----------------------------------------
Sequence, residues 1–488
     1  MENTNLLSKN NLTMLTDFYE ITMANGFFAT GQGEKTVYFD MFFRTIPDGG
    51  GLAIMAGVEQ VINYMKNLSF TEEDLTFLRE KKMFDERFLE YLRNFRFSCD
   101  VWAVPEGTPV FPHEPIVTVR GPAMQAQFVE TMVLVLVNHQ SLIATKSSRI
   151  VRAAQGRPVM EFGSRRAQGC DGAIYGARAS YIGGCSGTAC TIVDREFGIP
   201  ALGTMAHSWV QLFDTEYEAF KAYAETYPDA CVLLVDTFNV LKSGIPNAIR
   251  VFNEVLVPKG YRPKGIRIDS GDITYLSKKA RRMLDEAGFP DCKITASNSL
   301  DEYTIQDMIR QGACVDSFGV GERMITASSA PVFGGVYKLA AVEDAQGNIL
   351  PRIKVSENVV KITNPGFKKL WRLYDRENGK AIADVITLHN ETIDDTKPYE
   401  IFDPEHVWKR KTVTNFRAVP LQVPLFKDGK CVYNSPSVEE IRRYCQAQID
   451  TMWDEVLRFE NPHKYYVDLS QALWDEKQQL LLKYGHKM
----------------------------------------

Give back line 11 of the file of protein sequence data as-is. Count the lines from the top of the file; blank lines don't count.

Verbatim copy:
   451  TMWDEVLRFE NPHKYYVDLS QALWDEKQQL LLKYGHKM